4th Gear: Focus V. Corolla, Redux

Illustration for article titled Study Says Teens Arent Anti-Car, Theyre Just Broke

Ford has started claiming this year that the Ford Focus is the best-selling car in the world, having moved 589,709 Foci through June around the world according to CBS News.


Toyota has long disagreed with this, stating that Ford calls everything Focus-like a Focus, but Toyota calls its Corolla-based Toyota Matrix a Matrix. If you add Matrix into Corolla sales, they say, the Corolla is actually the best-selling car in the world.

Three things here:

  1. The C-Max is also very much like a Focus but they're not counting the C-Max.
  2. The new Corolla is finally out and may skew this back towards the Focus and it's impressive the Corolla continued to sell almost as many of an inferior product.
  3. he Corolla is an inferior product. Just because Papa Johns sells more pizza than Giordano's it doesn't make it better pizza.

5th Gear: Mercedes Also Seeing A Big Profit Boost

Illustration for article titled Study Says Teens Arent Anti-Car, Theyre Just Broke

Mercedes is the midst of a surge, trying to produce better products, attain more profits, and lower its average customer age.

How are they doing? The new CLA and C Class look like they'll solve two or three of those challenges, with Mercedes parent Daimler reporting a profit of $2.6 billion on a 5% increase in revenues.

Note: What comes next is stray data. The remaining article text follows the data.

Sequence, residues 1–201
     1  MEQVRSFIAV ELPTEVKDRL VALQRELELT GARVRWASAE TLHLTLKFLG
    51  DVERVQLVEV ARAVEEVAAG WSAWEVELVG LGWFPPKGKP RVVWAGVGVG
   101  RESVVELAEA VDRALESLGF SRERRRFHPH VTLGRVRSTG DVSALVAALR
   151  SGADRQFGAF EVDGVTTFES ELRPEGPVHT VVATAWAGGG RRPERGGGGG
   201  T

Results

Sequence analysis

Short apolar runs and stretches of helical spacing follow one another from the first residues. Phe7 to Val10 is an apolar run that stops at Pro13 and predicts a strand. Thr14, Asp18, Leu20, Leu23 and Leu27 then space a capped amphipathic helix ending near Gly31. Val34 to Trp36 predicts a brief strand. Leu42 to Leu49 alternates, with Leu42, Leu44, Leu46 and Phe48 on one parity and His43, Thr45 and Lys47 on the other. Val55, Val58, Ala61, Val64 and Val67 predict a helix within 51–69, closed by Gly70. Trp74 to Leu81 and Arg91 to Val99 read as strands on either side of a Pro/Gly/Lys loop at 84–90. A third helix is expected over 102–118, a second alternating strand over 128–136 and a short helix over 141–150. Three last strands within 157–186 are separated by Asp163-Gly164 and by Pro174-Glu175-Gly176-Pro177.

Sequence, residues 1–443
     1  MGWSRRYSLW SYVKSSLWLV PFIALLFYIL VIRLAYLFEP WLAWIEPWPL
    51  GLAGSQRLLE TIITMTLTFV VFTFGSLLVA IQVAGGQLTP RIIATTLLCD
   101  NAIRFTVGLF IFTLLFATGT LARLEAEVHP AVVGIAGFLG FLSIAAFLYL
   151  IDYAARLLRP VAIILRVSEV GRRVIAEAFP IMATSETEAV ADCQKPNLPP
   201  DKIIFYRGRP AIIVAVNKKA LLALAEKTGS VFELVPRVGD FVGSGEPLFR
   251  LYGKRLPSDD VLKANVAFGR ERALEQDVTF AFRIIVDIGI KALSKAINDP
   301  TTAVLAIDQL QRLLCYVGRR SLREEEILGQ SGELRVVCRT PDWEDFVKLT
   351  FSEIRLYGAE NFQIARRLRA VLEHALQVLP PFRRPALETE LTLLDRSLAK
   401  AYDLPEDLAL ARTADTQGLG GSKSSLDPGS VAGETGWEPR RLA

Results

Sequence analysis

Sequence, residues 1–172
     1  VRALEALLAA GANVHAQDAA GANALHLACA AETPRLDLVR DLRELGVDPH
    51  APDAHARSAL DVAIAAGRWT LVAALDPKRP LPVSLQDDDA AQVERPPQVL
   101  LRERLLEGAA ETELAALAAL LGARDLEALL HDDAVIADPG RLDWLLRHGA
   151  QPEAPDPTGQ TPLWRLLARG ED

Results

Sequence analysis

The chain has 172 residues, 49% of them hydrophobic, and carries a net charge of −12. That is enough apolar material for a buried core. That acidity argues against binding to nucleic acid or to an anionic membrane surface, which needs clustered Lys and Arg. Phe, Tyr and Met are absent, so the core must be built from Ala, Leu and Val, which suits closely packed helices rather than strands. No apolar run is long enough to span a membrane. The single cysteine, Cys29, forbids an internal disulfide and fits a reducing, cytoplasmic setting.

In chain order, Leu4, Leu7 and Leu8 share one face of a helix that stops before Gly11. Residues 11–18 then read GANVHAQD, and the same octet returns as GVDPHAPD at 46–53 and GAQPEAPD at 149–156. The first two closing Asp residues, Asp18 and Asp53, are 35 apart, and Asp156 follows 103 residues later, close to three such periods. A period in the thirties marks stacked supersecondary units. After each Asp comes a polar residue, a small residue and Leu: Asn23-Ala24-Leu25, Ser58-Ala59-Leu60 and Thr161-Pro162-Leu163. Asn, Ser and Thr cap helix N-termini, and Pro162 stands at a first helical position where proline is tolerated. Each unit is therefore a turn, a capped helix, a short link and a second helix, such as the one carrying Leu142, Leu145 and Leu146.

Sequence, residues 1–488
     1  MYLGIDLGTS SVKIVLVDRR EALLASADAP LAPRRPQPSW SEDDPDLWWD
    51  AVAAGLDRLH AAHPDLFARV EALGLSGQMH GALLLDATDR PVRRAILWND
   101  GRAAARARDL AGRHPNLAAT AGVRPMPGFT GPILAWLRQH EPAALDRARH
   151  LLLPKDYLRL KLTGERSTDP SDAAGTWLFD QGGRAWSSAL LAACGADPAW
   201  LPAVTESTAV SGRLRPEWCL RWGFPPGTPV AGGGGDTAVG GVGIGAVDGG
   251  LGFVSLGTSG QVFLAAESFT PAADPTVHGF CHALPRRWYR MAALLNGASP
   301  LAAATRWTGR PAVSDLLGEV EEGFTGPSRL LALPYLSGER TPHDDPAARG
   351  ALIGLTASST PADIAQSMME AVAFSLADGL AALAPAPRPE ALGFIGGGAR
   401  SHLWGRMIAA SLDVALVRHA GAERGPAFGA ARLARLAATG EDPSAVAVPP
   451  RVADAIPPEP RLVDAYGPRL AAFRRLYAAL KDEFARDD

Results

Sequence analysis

Demand in China is helping as well as demand for smaller cars.

Reverse: Celebrate By Getting Stuck In Traffic!

On this day in 1931, eight months ahead of schedule, President Franklin D. Roosevelt dedicates the George Washington Bridge over the Hudson River. The 4,760-foot–long suspension bridge, the longest in the world at the time, connected Fort Lee, New Jersey with Washington Heights in New York City. "This will be a highly successful enterprise," FDR told the assembled crowd at the ceremony. "The great prosperity of the Holland Tunnel and the financial success of other bridges recently opened in this region have proven that not even the hardest times can lessen the tremendous volume of trade and traffic in the greatest of port districts."



Neutral: When Did You Start Driving?
How cheap was it? Did you have a job? Could you have afforded to drive without one?


Photo Credit: Getty Images

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I think I mentioned young people being broke the last time a "Car manufacturers can't understand why young people aren't buying cars" ran. Cars have effectively priced themselves out of a lot of people's reach.

- The average price/income ratio of new cars has risen to insane levels. To compensate for this, automakers have started offering 6,7, even 8 year loans on new cars to make the payments look reasonable.
- Fuel costs are a lot higher than they used to be.
- Insurance costs are insane (my 17 year old daughter's insurance is $1800 a year for one car! My wife and I pay about $700 for 3 cars with a $250 deductible).
- Parking costs in major cities has become ridiculous. I paid $50/day to park in Chicago and NYC.
- Internet communication has made the need to travel less important. Young people are spending more money on technology than transportation.
- Public transportation is a lot better than it used to be.

All of these factors are making car ownership become more of a luxury than a necessity. I'm sure I could live without a car now if I had to. In today's jobless and underpaid economy, a lot of people had to make that choice.